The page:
Therefore, we, the undersigned respectfully urge the NYS Board of Regents to terminate the employment of John King as NYS Education Commissioner, and immediately search for, and hire a candidate who strongly reflects the characteristics described above.

New York State Board of Regents, Same as above 
Terminate the employment of State Education Commissioner, John King 
[Your name]

Charter Founder Is Named Education Commissioner

John King was unanimously elected New York State's
education commissioner by the Board of Regents on Monday.
John B. King Jr., who credits teachers for helping him surmount an isolated childhood as an orphan in Brooklyn and who ran celebrated charter schools in New York and Massachusetts, was named Monday as the state’s next education commissioner, with a unanimous vote of the Board of Regents.
Nathaniel Brooks for The New York Times
John King with his daughters Amina and Mireya on Monday, before his election.
At 36, Dr. King, who previously served as deputy commissioner, will be among the nation’s youngest educational leaders, though he had been the clear front-runner since the current commissioner, David M. Steiner, announced in April that he would resign.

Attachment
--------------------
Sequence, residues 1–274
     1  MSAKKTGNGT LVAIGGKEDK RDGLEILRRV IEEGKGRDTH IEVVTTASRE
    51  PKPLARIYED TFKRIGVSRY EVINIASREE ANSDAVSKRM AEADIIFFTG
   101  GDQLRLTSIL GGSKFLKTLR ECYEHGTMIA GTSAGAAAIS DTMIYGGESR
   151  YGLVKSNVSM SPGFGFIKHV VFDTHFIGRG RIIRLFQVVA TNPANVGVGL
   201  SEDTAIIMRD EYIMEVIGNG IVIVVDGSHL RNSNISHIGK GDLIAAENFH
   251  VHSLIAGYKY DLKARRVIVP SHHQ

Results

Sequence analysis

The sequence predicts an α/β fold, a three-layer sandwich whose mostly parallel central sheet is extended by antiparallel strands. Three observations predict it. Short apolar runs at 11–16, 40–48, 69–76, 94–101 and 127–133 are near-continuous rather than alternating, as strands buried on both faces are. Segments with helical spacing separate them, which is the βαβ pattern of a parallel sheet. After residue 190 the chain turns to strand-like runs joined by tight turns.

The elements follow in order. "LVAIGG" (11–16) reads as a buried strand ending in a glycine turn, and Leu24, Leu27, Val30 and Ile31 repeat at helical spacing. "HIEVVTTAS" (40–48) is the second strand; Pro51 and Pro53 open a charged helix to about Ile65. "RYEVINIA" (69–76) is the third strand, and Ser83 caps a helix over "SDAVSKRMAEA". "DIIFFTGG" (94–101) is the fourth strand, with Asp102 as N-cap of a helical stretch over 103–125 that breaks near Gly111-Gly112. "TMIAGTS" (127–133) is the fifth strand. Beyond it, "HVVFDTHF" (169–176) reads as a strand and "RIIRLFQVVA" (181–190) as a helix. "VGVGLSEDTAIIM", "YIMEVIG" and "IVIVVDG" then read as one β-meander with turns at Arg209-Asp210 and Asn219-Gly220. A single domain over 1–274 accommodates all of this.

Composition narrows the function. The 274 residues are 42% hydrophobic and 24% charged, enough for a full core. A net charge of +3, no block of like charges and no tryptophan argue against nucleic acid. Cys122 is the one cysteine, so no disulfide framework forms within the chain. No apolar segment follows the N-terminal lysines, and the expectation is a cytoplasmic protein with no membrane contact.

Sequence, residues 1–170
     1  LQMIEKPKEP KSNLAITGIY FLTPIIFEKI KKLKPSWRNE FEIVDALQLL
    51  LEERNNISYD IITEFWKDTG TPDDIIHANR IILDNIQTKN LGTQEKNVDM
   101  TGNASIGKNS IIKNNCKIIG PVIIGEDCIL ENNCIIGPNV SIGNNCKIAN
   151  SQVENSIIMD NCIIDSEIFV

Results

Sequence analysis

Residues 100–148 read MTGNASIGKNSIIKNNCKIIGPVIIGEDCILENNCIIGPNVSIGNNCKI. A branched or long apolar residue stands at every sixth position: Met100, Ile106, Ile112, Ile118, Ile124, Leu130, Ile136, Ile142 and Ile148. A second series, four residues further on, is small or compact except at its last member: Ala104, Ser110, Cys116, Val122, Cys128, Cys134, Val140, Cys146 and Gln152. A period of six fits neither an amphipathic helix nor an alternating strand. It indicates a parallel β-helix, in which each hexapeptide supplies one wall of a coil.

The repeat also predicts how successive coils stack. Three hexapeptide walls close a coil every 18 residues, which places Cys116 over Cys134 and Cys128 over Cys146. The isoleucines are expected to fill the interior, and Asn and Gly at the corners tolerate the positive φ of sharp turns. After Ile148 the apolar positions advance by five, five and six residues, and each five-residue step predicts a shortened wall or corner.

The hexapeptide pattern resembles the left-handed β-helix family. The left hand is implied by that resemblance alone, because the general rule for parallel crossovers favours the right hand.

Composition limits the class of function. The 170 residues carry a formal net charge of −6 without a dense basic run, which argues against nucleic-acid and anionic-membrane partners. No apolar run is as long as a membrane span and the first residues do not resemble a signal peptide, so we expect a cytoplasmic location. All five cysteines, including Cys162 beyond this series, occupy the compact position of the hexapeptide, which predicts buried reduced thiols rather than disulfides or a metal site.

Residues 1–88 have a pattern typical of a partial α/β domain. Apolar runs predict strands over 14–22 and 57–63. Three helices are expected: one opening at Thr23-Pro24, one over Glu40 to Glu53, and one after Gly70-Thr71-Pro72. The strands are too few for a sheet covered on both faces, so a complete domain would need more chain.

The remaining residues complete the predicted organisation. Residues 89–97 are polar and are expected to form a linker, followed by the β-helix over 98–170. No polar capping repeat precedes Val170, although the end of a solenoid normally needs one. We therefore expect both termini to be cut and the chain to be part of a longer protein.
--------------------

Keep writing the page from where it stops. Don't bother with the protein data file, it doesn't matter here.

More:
After losing both of his parents to illness by age 12, Dr. King earned an undergraduate degree from Harvard, a law degree from Yale and a doctorate in education from Columbia. In between, he co-founded Roxbury Prep, a top charter middle school in Massachusetts; led Uncommon Schools, a network of charters based in New York; and married and had two daughters.
His drive, he said in an interview on Sunday, comes from a sense of urgency to create for other children the  refuge he  found as a fourth grader at Public School 276 in Canarsie, the year his mother died of heart failure. His teacher that year, Alan Osterweil, was dynamic and creative, encouraging him to read Shakespeare and memorize the leaders and capital of every country in the world. Later, Celestine DeSaussure, a social studies teacher whom the children called Miss D, made him the sportscaster in a fake Aztec newscast.
 “Having gone to New York City public schools, that quite literally saved my life,” he said, “I feel an incredible devotion to make that possible for more kids.”